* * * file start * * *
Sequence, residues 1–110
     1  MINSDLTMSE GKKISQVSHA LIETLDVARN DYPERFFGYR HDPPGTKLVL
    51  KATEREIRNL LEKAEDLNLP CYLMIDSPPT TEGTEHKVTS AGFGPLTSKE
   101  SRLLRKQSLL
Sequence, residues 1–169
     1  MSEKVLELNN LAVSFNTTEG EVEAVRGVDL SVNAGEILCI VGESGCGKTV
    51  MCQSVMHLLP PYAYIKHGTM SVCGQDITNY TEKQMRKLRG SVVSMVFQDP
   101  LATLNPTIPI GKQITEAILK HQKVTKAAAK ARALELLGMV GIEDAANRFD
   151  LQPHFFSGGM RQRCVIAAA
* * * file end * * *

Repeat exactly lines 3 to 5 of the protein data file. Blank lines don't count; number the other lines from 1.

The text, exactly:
    51  KATEREIRNL LEKAEDLNLP CYLMIDSPPT TEGTEHKVTS AGFGPLTSKE
   101  SRLLRKQSLL
Sequence, residues 1–169